Obituary: Kurt Matthew Kautz, “Cubby”

Kurt Matthew Kautz, “Cubby”

Kurt Matthew Kautz, “Cubby” to those who knew and loved him, was unexpectedly taken from our lives on October 14, 2017.  A light in our lives has forever been dimmed as the loss of our Cubby has shattered our hearts.

Cubby was born on December 7, 1984 to Daniel and Susan Kautz of Huntley, Montana, joining his older siblings: Brent, Dustin, and Amanda.  To his parents, Cubby was the apple of their eye.  Cubby was a big, baby boy and had a heart of gold from the beginning.  His adolescence was spent playing with older brothers Brent and Dusty, and constantly being cared and tended to by sister Mandy.  The love his brothers and sister had for this sweet, baby boy was unparalleled.

Born and raised by a hard-working farm family, Kurt was taught early in life the lessons that only life on a farm can teach a young kid.  Never a child to complain, Kurt took on each task asked of him with his full might and made sure that the job was done and done right.  Whether the time late or early, the weather good or bad, or the task easy or hard, Kurt pulled his weight and completed the task.  These lessons Kurt learned at such a tender age helped mold the young man that Kurt became later in his life.

As a young child, Kurt’s competitive fire was stoked by the game of basketball.  Whether rain or shine, sleet or snow, hot or cold, for hours on end Kurt could be found on the family basketball court shooting hoops.  Kurt’s tenacity to be the best at each thing he did shone through in these moments and it was clear to Kurt’s family how determined he was to make his mark in this world.

As Kurt grew older, he began to excel in football, basketball, and track.  Whether it was throwing a touchdown, scoring a basket, or running on the relay, Kurt was a leader and a teammate that others looked up to.  Kurt developed lifelong friendships through his involvement in sports and to the date of his passing, he loved his friends and would want each of them to know how special they were to him.  Josh, you were always there for Kurt, no matter the circumstances, and Kurt loved you with all of his heart.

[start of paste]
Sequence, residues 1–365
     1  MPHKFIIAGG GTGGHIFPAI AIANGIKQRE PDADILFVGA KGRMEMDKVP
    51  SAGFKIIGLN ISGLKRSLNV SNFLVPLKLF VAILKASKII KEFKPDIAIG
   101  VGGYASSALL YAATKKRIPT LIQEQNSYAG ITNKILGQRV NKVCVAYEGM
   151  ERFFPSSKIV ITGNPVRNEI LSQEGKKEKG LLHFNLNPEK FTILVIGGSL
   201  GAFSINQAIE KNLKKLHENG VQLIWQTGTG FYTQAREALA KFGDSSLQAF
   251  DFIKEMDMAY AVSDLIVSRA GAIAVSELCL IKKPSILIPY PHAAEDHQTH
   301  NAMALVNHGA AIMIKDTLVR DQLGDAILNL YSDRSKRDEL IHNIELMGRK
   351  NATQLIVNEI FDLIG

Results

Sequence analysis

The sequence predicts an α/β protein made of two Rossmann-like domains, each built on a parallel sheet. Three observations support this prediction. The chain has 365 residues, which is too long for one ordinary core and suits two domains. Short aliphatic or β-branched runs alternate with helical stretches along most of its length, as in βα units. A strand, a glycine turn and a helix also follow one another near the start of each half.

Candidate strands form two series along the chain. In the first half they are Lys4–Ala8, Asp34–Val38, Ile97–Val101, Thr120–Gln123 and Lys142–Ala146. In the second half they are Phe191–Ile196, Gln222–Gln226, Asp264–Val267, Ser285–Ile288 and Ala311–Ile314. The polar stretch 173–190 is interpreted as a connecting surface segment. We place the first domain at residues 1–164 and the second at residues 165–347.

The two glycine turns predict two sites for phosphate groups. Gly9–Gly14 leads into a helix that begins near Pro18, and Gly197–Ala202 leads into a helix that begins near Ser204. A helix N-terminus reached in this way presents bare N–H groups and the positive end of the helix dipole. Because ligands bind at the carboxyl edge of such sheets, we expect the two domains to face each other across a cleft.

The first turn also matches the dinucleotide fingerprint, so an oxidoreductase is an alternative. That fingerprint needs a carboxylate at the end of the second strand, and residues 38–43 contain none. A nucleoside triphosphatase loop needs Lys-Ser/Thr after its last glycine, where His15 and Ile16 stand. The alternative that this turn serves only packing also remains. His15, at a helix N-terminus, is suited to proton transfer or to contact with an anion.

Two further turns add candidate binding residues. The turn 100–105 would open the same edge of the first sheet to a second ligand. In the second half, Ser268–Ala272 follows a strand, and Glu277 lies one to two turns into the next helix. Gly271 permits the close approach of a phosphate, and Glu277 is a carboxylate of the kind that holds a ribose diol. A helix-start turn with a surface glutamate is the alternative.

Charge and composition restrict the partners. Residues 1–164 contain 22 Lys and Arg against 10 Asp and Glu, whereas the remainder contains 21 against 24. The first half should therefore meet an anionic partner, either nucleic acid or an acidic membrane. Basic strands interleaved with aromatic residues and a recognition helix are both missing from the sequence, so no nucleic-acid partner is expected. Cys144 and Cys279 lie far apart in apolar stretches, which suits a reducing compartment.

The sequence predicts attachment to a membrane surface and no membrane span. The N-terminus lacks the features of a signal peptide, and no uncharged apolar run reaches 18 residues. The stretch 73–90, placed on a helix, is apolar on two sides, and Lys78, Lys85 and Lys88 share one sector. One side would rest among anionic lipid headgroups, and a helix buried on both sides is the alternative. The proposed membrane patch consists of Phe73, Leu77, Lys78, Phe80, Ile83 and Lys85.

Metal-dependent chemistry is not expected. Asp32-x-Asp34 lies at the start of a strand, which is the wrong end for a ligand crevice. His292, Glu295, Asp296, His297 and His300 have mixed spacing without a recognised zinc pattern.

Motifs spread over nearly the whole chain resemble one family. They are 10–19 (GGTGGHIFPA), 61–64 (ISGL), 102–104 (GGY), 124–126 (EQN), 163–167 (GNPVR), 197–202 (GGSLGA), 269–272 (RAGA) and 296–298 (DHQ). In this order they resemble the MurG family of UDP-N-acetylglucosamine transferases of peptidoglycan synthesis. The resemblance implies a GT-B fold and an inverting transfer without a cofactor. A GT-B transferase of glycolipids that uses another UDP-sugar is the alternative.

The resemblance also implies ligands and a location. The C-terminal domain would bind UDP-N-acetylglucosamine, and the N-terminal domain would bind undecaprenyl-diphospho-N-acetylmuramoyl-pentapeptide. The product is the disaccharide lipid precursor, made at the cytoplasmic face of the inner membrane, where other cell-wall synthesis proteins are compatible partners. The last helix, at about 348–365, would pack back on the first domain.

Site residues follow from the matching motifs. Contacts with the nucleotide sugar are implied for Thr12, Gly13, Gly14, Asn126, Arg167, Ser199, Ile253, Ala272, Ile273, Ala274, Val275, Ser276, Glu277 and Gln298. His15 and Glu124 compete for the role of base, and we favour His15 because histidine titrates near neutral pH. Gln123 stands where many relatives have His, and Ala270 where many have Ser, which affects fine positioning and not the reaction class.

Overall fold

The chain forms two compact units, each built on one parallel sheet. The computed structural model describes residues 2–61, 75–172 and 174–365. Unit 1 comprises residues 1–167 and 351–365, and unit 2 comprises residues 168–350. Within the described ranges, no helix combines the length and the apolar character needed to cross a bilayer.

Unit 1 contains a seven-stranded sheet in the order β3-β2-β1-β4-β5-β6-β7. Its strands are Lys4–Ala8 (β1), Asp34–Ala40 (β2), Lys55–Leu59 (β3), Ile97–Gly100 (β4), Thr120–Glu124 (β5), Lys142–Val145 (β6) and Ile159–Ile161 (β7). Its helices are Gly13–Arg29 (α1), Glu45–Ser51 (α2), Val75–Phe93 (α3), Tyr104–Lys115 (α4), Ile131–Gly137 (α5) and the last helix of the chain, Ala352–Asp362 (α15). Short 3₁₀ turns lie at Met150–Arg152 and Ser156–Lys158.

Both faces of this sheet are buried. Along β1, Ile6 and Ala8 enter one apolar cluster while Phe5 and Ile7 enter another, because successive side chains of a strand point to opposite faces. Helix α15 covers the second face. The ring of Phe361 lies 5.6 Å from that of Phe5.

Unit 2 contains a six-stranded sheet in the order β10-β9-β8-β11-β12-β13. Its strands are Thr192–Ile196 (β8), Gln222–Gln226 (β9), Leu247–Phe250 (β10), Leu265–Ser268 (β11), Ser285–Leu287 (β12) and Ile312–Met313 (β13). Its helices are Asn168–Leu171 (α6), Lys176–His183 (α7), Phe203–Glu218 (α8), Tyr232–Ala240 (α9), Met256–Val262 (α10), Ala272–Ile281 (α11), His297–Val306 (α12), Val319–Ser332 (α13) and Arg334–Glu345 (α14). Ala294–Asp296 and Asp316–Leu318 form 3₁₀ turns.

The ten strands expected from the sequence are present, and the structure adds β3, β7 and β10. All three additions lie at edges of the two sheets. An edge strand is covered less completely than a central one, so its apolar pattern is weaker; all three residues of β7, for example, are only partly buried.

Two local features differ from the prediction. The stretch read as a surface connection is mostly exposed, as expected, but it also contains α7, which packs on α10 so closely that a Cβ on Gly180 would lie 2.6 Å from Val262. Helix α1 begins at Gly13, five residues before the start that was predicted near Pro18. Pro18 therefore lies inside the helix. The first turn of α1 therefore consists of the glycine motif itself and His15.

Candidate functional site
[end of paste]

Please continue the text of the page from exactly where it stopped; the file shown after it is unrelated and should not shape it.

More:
Kurt graduated from Huntley Project High School in 2003, making the decision to attend college at Montana State University-Billings.  Kurt was a young man that worked hard to get the best grades he possibly could.  One of Kurt’s professors at college told his family after Kurt’s recent passing that Kurt was her favorite collegiate student, always attending class with a positive attitude, a big smile, and always trying.  Kurt’s family takes great solace in hearing these kind words and thanks you, Mrs. Colton.  During his entire time in college, Kurt continued to work to support himself and to help his parents pay for his school.  Kurt graduated from Montana State University-Billings in 2008 with a B.S. in Elementary Education.

As Kurt entered into adulthood, he chose the path that would forever change his life, coaching.  Kurt was provided the opportunity to coach his three favorite sports: football, basketball and track.  Coaches Jim Stanton, Jay Santy, Jim Benn, Mark Branger, and Steve McMorris, allowed Kurt the opportunity to begin his coaching career and we know that Cubby is eternally grateful for these opportunities.  Our family enthusiastically followed Kurt’s coaching career at both schools, Huntley Project and Billings Central, and the memories of Kurt from the sidelines, bench, or grandstands will be forever etched into our memories.  Kurt was a part of many championship teams as a coach, including coaching Huntley Project’s state track championship and Billings Central’s football state championship.  The countless lives that Coach Kautz helped mold and shape into not only student-athletes, but also kind citizens, speaks volumes as to the lessons Coach Kautz instilled in his pupils.

Upon graduation from college, Kurt began employment with Hanser’s Automotive.  Kurt became close to the entire Hanser family, especially Scott Hanser.  Scott and Kurt immediately bonded as both recognized the strong work ethic that the other possessed.  Scott and Kurt could routinely be found working 6 to 7 days a week together, enjoying each other’s company despite the arduous tasks they faced.  While at Hanser’s, Kurt also became extremely close with Brett Wilson.  Kurt would want both Scott and Brett to know how much they meant to him.